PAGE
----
In the industrial and technological age, we live in, it is said that if it is not mined, then it is grown. That statement highlights the importance of mining to our existence and advancement.
South Africa forms a significant part of the global mining community, contributing roughly 7% of its GDP and employing over 400 000 people.
However, South African graduate mining engineers are struggling to find employment. Why?
In a recent global Quacquarelli Symonds University rankings report, the Wits School of Mines was ranked 15th, making it the best Mining School in Africa.
This gives an indication of the quality of mining engineers in South Africa. Why is it then that the very same degree holders are struggling to find a place in the mining industry?
The answer partially lies with the South African industry itself which has not seen much growth since the last commodity price boom, commodity prices declined and mining companies globally resorted to restructuring in order to improve and preserve their balance sheets.
South African was no exception, which intensified the problem of employment of mining graduates. A critical problem is an oversupply of skills in a local market, a reflection of a communication gap between the industry and academia.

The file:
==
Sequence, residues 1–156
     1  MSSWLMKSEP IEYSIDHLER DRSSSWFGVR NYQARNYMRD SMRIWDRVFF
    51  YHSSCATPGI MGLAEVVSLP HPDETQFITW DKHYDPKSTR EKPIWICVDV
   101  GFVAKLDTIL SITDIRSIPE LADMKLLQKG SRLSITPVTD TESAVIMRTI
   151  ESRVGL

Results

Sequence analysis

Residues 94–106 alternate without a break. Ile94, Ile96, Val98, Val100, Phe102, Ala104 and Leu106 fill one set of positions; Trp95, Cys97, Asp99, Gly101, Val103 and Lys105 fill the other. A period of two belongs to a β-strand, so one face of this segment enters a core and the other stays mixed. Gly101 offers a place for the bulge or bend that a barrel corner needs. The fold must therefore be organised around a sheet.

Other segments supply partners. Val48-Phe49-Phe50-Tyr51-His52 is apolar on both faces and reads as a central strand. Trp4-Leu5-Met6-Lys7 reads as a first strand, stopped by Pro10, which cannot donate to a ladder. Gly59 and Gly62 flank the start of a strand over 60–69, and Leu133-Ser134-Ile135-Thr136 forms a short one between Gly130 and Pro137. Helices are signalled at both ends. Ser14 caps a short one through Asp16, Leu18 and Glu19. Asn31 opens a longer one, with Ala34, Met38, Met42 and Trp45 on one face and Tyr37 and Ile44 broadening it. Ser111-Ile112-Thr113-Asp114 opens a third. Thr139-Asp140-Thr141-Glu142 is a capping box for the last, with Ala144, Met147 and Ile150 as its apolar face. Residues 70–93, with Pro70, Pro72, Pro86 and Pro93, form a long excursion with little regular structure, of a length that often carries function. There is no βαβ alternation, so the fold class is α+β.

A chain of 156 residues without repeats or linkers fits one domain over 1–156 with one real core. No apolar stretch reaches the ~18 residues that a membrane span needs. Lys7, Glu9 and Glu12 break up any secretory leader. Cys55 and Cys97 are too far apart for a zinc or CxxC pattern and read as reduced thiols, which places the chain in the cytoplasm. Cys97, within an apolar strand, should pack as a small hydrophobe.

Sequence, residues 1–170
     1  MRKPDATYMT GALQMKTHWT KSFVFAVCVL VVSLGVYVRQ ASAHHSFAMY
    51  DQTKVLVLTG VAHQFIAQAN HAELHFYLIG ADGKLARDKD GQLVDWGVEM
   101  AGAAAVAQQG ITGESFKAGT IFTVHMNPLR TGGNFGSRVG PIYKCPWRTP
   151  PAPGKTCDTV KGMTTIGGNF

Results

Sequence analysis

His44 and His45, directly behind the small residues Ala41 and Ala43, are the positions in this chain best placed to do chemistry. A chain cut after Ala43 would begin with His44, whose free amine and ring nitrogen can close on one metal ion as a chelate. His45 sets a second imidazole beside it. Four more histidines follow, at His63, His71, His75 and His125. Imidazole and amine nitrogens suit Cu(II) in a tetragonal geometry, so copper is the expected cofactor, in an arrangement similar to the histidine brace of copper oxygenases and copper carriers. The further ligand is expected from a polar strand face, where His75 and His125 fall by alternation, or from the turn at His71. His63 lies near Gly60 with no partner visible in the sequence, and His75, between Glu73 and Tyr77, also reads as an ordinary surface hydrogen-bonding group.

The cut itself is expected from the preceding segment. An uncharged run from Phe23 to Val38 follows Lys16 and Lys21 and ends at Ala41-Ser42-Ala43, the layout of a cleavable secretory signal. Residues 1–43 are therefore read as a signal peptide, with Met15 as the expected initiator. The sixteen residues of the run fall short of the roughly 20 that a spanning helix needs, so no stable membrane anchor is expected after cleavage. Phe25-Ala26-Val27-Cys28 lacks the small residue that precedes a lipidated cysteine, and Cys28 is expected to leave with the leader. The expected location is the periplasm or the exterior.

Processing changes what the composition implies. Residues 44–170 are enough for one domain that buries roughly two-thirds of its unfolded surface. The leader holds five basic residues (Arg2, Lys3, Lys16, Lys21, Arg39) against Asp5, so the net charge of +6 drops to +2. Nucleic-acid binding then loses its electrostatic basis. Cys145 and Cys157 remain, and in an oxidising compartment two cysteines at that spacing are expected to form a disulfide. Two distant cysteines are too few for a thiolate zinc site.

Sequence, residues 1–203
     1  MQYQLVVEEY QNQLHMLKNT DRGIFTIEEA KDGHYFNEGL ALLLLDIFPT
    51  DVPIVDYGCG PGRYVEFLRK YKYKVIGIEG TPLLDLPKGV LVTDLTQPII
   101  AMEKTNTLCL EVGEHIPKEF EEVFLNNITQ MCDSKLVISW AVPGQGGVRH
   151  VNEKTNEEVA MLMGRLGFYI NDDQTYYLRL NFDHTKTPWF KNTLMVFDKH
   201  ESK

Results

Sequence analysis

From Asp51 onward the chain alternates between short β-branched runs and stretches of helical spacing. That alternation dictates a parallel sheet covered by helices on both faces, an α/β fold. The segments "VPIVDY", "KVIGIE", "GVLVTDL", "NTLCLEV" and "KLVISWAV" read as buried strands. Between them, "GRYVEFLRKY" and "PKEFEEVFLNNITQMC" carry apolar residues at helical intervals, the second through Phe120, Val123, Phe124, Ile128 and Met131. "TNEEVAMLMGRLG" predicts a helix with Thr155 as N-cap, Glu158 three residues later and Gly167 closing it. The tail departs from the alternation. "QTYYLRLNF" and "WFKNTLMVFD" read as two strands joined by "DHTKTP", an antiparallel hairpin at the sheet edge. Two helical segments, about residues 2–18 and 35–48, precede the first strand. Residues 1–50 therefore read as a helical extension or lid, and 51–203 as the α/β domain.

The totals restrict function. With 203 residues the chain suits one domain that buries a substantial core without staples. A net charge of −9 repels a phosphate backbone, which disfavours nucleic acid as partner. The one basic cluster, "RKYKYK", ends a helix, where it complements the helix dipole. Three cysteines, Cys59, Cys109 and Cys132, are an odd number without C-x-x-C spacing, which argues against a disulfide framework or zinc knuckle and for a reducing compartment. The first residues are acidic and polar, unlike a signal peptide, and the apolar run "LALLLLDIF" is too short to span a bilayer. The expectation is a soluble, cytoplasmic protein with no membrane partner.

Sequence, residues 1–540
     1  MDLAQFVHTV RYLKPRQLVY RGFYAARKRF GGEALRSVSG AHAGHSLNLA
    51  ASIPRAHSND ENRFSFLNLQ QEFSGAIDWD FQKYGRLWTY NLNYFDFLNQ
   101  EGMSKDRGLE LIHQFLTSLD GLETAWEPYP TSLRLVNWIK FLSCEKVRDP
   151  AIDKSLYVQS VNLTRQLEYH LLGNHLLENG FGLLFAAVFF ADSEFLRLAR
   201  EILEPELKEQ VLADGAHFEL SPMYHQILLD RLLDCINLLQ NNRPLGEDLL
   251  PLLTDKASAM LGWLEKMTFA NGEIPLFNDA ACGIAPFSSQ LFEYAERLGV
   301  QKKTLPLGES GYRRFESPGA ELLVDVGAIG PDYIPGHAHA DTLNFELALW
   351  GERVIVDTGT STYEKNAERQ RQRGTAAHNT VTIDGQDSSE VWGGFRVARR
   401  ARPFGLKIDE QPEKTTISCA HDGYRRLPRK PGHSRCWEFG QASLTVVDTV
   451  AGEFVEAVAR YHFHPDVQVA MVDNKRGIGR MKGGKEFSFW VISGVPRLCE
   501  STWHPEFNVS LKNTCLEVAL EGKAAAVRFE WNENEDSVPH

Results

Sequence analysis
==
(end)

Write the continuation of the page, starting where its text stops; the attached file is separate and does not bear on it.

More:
An estimated 130 mining students entered the market as graduates at the start of 2019, half of which will face the challenges of unemployment.
A way forward
Mining graduates should consider looking outside of South Africa for opportunities, with a globally accredited mining degree from Wits University. According to the Minerals Council of Australia, one of the biggest risks to their mining Industry is skills shortage.
The council estimates that based on the current enrolments at eight of the country’s mining schools, the number of graduates in the next three to four years will have fallen to about 50 graduates. The Australian mining industry is absorbing more new mining graduates than the universities can produce.
This provides a unique and golden opportunity for South African mining graduates. Another interesting jurisdiction that provides a unique opportunity for mining graduates can be found in West African, with a booming gold industry and other commodities.
The graph below depicts the exploration and mining activity in West Africa, the region will likely be the largest most attractive mining destination on the continent.
West Africa’s mining development pipeline:
Source: Mining Intelligence
Other jurisdictions such as Canada, South America have buoyant junior mining sectors, and these contribute more to job creation than the major mining companies.
Like so many other high-quality skills, mining graduates are set to leave South Africa leaving a potential gap in our ability and a hole in our succession planning.
Smangaliso Mahlangu is a Mining Engineering Student at Wits University and Co-Founder of Hexriver Resources.
Sizwe Mngomezulu holds a BSc. in Mining Engineering from Wits University’s, a Postgraduate Diploma in Management from the Wits Business School, is also the Co-Founder of Hexriver Resources